• Weight gain
  • Insulin resistance
  • High blood sugar levels
  • Low HDL cholesterol (the good kind)
  • Elevated total and HDL cholesterol (the bad kind)
These issues can lead to metabolic syndrome, obesity, high blood pressure, renal failure, atherosclerosis, and type 2 diabetes – all markers that increase the risk of cardiovascular disease, mortality, and morbidity. However, the risks go even further, as testosterone has actions of its own directly on the heart. The relationship between testosterone and heart health is shown below:
  • Testosterone stimulates erythropoiesis – the production of red blood cells necessary for proper circulation
  • Inflammation markers increase (including c-reactive protein) when testosterone levels decline
  • Testosterone has a direct impact on carotid intima-media thickness (IMT), diastolic function, and ejection fraction (EF)
  • Testosterone exerts positive effects on peripheral arterial stiffness and peripheral vasomotion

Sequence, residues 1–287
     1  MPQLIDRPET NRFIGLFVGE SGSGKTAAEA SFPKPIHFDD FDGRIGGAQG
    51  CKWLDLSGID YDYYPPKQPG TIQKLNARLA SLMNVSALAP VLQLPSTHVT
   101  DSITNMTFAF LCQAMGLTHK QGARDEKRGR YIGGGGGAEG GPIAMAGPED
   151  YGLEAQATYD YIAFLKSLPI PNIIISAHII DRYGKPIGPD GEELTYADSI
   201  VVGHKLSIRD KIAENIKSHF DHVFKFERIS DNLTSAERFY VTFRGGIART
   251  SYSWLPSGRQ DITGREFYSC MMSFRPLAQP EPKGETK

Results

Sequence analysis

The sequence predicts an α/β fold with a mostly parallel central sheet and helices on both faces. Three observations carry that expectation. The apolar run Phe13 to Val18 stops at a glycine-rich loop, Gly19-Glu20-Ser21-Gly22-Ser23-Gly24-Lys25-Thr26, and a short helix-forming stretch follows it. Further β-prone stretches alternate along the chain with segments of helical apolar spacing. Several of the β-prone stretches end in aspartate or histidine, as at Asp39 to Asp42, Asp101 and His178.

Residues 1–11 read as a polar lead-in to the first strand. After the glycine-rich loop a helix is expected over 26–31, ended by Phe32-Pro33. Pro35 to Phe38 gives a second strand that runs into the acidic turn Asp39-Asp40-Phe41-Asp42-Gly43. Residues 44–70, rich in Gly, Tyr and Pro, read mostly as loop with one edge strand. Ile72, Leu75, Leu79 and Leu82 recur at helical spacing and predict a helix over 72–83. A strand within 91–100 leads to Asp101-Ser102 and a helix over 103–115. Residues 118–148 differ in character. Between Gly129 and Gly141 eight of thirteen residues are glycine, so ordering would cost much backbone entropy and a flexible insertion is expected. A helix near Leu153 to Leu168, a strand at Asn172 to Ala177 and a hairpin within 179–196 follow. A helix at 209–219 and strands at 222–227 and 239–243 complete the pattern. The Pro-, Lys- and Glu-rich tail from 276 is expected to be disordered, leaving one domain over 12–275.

• High estrogen and low testosterone levels increase the risk of CV and CVD mortality
Estrogen dominance, a condition that occurs when estrogen levels are higher than normal as compared to testosterone levels being lower increases not only CVD risk, but also prostate cancer in men, breast cancer in women, and weight gain in all adults. One example of issues surrounding testosterone and heart functions can be seen in patients with prostate cancer (PC) who received androgen deprivation therapy (ADT). Multiple studies have demonstrated an increased risk of CVD in men who received gonadotropin-releasing hormone (GnRH) agonists for the treatment of PC. The result of ADT is a significant lowering of testosterone levels. In one study, PC patients receiving ADT had a 38% increase in nonfatal CVD compared to those who did not receive that treatment.